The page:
What was wrong with the Grenfell cladding and how has it affected residents?
It’s been 4 years since the Grenfell fire, yet hundreds of high-rise buildings still host the same aluminium composite material (ACM). Due to its combustible properties, Governments officially banned this cladding back in 2018. This led to the development of new building regulations for buildings 18m and over. Yet, residents remain in these hazardous conditions to date.
As a result, many homeowners have had much difficulty selling or letting out their property due to its high risk. It has also caused insurance companies to vastly increase their fees. Therefore, residents have experienced extreme hardship, particularly during the pandemic. With over 600,000 residents living in these conditions, there is a lot of worry as to their safety. In response, many residents have taken to the streets to protest this, encouraging governments and officials to take corrective action.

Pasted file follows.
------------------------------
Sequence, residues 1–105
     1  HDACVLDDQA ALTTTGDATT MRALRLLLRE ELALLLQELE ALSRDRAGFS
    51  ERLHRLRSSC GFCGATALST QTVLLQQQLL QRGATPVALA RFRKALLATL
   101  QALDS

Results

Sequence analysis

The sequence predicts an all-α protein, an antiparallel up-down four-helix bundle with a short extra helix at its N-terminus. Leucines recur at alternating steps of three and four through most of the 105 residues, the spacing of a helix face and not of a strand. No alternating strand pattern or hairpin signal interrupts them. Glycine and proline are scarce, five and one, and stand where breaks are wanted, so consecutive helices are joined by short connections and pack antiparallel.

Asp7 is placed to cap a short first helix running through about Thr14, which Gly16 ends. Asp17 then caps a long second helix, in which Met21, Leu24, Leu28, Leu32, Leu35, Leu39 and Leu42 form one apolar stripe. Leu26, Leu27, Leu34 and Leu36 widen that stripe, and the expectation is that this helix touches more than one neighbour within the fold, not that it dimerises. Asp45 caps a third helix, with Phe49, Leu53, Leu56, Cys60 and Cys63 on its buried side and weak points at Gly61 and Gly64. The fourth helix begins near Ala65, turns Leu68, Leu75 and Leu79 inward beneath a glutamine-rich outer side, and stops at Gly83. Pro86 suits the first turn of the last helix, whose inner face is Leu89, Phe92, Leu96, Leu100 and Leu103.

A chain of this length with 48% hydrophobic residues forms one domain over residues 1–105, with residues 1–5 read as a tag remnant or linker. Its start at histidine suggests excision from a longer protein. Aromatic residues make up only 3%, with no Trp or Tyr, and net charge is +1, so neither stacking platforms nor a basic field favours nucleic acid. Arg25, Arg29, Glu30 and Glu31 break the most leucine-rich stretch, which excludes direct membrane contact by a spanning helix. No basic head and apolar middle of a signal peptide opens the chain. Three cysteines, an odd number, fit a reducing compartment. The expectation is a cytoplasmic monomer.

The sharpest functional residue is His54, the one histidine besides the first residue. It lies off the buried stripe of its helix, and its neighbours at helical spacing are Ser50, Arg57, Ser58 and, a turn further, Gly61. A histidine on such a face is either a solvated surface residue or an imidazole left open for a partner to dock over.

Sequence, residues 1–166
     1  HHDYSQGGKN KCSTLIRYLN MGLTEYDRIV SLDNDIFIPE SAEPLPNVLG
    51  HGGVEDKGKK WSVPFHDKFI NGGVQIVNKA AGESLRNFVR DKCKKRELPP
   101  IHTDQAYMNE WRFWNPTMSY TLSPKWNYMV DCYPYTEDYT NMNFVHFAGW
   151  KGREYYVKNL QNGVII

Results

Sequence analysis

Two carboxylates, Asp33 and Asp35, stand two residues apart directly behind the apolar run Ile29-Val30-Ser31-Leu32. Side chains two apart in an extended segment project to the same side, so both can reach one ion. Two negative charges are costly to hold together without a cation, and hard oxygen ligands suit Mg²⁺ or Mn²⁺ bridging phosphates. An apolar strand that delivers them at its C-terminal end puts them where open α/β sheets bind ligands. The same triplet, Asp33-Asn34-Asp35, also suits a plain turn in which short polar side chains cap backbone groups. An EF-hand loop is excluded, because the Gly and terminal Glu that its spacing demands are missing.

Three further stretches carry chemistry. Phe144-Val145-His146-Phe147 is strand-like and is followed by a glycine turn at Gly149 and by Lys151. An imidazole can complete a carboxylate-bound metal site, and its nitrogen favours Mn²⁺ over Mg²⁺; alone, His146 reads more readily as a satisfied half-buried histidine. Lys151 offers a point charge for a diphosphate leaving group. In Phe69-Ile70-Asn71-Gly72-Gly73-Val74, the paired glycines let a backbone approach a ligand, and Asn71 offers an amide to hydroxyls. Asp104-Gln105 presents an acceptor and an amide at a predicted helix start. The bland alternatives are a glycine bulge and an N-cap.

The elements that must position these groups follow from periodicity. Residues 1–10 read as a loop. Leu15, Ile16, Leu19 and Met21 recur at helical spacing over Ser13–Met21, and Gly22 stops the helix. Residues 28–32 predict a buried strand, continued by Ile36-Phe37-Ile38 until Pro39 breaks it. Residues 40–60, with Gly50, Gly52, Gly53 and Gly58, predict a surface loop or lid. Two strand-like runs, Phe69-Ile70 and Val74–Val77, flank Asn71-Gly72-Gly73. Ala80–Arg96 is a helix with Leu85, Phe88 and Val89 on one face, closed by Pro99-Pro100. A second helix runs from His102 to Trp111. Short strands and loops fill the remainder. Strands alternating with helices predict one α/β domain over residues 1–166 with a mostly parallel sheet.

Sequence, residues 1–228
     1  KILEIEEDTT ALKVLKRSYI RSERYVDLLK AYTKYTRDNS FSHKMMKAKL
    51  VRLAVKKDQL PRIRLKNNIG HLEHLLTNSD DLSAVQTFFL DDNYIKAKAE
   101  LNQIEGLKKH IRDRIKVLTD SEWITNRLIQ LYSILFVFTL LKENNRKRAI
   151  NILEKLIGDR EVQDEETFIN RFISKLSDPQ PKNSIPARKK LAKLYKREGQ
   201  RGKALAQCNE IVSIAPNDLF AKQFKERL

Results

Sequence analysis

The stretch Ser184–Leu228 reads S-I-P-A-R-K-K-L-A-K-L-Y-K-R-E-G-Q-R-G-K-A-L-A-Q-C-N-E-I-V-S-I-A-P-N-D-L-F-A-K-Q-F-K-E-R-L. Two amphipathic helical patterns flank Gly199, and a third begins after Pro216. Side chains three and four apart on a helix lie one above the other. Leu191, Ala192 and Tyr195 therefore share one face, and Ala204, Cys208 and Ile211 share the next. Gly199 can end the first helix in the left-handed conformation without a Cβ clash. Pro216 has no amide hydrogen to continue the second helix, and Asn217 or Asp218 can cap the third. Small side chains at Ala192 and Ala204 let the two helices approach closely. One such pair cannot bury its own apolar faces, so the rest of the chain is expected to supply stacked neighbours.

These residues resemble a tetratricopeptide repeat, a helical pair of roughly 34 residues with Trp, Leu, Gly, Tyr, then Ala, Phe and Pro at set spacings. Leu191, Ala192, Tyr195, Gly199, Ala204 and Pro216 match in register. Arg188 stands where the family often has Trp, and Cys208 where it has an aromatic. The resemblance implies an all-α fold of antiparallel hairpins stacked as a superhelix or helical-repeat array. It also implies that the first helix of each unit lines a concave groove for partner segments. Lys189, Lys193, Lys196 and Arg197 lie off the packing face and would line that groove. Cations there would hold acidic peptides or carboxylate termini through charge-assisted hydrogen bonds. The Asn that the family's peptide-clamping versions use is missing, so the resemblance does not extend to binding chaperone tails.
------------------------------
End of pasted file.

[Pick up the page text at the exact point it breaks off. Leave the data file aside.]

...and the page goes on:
Consequently, Governments have established a £5 billion fund. This aims to help replace cladding on high-rise buildings 18 meters and over. Meanwhile, this will not cover any remaining costs. Therefore, the Labour party have demanded that developers should be the ones to pay the residual charges, and have until June 2022 to do so. However, one question remains; how can you indicate the level of risk posed by the new cladding material?
How can we indicate the level of risk posed by the new cladding material?
As efforts are made to replace the current cladding, there is still some uncertainty as to the level of risk for the new cladding. At Impact Solutions, we have the capabilities to provide a bomb calorimetry test. The test involves measuring the gross calorific value of a sample. We then compare the energy released against a classification table from standard EN 13823 to provide a rating of the sample. The test is quick, low-cost and requires little material, therefore it won’t be too much of a burden. Our team also work honestly and proficiently to give you the best results. This test will, therefore, help to indicate the flammability of the cladding material, giving more of an understanding and level of confidence to residents, developers and architects.